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There’s a new luxury condo building coming to Tribeca—a glass 60 foot skyscraper, with a Jenga-like design that the architect’s firm calls “houses stacked in the sky.” This building was on my mind a bit reading the poems in Adam Fitzgerald’s The Late Parade (Liveright). There’s a clean, sturdy but jagged structuring to the work, and the way the poems look, but also a tremendous amount of risk and adventure in the lyric—a vigorous accruing of language.
With poems sometimes existing within clouds or dreams, Fitzgerald’s continuous bricklayer feel of stacking one thing on top of another feels akin to skyscraper assembly. In fact, the book begins with an architectural object, a “Cathedral” where the first line is sort of a tricky statement: “To write about one thing, you must first write about another.” And then, in the final line, conjoins a simple, brush-off phrase with a philosophical statement, repeating the “another” again: “You go out for coffee. You come back another person.”
Building imagery comes back in “The Map” where “Large sidewalks of canvassed sunlight / concealed almost a city under that city / while rivers waved in the distance”; and also in the “obdurate dome… above the rest of the sad plain, in Dubai”; and inherently in the gorgeously intense cluttering of imagery in the “Collection Agency” (one of my favorites in the book). As a poet who yearns for concreteness and specificity in my own work, it was exhilarating to read poems of such mystery, uniqueness and elusiveness unfurling themselves but remaining grounded in other arenas. I was struck by the pantoum “Strange Cinema” where vagueness was sometimes tempered by the tactile: “pleasure of doubt,” “pungent musk of her hair,” “the plum wallpaper was kind”; the sharply phrased “cut pink fruit,” the image I could imagine the most vividly (but also questioned metaphorically and innuendo-wise), and the one that stuck with me after finishing the book, became far more dazzling, than had it been couched in a poem of relentless specificity. Fitzgerald’s relentlessness cycles itself in language’s relationships with meaning, music / sound and philosophy.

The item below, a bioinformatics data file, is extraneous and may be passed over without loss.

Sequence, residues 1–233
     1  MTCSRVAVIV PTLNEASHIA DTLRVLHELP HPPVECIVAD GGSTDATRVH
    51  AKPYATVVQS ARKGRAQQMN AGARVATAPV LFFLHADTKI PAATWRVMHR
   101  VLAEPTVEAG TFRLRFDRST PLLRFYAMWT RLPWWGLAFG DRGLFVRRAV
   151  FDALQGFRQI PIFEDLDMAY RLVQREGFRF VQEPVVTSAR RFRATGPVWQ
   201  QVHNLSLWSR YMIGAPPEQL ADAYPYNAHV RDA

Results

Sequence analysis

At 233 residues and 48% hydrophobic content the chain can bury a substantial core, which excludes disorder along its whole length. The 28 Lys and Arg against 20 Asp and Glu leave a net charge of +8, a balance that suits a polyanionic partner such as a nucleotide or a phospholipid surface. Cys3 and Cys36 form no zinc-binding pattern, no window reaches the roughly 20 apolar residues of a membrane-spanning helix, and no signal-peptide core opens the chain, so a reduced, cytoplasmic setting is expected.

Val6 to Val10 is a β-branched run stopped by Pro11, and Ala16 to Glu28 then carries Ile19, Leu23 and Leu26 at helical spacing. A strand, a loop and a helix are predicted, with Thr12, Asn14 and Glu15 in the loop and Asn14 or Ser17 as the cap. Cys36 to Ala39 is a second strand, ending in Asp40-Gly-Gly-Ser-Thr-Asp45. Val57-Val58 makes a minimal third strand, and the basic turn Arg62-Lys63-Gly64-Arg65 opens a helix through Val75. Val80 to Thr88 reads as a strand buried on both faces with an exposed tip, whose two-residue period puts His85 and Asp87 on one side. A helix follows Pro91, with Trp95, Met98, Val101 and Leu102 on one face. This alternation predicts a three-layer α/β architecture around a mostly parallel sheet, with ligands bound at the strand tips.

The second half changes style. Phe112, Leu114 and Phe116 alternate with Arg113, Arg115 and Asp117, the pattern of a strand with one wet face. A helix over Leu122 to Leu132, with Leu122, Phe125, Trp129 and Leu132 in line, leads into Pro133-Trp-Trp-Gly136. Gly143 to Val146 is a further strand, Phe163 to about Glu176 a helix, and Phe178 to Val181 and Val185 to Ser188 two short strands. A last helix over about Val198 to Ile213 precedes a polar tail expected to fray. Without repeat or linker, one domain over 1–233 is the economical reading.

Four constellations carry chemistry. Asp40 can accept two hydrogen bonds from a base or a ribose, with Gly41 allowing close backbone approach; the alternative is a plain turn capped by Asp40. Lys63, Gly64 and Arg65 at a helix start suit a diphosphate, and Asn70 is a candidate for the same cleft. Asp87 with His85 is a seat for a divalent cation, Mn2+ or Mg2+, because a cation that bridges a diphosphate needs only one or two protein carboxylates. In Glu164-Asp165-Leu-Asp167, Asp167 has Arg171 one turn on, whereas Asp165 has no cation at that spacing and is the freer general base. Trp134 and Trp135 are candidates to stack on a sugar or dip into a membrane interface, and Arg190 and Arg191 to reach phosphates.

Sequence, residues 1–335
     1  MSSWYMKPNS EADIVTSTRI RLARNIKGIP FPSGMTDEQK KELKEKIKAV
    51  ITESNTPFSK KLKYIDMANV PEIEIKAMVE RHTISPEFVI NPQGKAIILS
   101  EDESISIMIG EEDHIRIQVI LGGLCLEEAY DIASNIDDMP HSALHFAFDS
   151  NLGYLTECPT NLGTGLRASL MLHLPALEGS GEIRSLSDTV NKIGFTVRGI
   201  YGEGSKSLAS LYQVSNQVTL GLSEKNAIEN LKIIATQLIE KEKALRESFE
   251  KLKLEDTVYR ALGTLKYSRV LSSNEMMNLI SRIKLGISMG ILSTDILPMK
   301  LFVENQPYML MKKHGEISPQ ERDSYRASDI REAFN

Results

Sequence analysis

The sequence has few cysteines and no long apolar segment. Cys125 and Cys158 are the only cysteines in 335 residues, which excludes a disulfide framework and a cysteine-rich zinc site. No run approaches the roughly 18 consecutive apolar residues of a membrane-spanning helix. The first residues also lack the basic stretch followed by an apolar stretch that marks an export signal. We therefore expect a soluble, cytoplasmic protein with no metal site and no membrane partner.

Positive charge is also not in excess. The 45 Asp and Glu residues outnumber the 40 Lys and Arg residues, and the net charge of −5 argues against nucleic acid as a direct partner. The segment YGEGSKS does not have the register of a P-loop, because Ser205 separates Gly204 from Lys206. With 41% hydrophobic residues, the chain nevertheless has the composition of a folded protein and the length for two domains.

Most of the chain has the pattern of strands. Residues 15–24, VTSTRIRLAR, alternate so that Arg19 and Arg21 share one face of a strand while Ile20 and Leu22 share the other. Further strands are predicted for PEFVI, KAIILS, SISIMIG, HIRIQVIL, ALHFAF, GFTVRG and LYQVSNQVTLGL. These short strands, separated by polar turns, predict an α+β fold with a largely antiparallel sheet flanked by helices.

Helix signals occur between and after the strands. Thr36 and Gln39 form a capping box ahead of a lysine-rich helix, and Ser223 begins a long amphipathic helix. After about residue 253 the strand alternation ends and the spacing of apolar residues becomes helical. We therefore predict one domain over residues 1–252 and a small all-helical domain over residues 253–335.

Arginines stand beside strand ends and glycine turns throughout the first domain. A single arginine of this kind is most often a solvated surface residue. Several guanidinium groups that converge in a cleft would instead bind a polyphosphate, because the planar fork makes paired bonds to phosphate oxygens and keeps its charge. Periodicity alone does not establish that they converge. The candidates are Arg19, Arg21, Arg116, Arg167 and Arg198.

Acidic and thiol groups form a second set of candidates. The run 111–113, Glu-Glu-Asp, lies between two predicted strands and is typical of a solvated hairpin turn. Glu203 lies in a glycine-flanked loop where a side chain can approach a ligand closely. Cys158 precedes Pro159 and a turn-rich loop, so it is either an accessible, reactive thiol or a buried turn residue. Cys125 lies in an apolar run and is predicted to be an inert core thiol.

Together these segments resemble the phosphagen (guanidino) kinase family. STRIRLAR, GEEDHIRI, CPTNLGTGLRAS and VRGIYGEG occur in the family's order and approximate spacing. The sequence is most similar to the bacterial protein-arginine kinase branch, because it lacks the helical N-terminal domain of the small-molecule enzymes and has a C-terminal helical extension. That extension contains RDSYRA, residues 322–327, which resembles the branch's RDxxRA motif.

The cover design (a brilliant, eye-catching oil painting: Big Yellow (Brooklyn) by Emilio Sanchez) with its blue sky (“the lanky, still sun ravishes”), bright yellow building of rectangles (I’m “drifting over corrugated space”) and single cast shadow (a cloud? another building?), its dance between anonymity, abstractness and tangible concreteness like the “lattice garb” of the uniforms in “The War We’re Fighting Now” is a perfect companion to Fitzgerald’s material. Impressively, like Sanchez’s painting, not a moment feels superfluous in Fitzgerald’s work, yet there’s also a looseness to the feel of the poems.